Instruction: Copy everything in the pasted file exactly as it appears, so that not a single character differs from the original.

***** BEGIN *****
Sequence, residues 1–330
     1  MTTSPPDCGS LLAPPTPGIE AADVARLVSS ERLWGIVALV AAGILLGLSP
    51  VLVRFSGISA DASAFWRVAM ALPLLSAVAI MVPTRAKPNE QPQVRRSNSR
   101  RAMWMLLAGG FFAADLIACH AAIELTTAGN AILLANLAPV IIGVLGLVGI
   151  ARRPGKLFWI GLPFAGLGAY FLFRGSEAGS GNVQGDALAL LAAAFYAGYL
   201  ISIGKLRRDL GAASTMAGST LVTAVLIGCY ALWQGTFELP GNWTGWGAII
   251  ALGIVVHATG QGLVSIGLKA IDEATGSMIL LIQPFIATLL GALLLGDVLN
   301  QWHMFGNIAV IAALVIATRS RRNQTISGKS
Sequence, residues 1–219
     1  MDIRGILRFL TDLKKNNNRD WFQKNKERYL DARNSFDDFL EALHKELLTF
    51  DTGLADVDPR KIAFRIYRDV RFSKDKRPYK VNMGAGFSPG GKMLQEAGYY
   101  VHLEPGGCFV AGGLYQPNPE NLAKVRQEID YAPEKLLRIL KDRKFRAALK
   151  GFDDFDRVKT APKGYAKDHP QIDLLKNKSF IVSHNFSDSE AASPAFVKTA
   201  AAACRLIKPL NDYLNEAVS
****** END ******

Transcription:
Sequence, residues 1–330
     1  MTTSPPDCGS LLAPPTPGIE AADVARLVSS ERLWGIVALV AAGILLGLSP
    51  VLVRFSGISA DASAFWRVAM ALPLLSAVAI MVPTRAKPNE QPQVRRSNSR
   101  RAMWMLLAGG FFAADLIACH AAIELTTAGN AILLANLAPV IIGVLGLVGI
   151  ARRPGKLFWI GLPFAGLGAY FLFRGSEAGS GNVQGDALAL LAAAFYAGYL
   201  ISIGKLRRDL GAASTMAGST LVTAVLIGCY ALWQGTFELP GNWTGWGAII
   251  ALGIVVHATG QGLVSIGLKA IDEATGSMIL LIQPFIATLL GALLLGDVLN
   301  QWHMFGNIAV IAALVIATRS RRNQTISGKS
Sequence, residues 1–219
     1  MDIRGILRFL TDLKKNNNRD WFQKNKERYL DARNSFDDFL EALHKELLTF
    51  DTGLADVDPR KIAFRIYRDV RFSKDKRPYK VNMGAGFSPG GKMLQEAGYY
   101  VHLEPGGCFV AGGLYQPNPE NLAKVRQEID YAPEKLLRIL KDRKFRAALK
   151  GFDDFDRVKT APKGYAKDHP QIDLLKNKSF IVSHNFSDSE AASPAFVKTA
   201  AAACRLIKPL NDYLNEAVS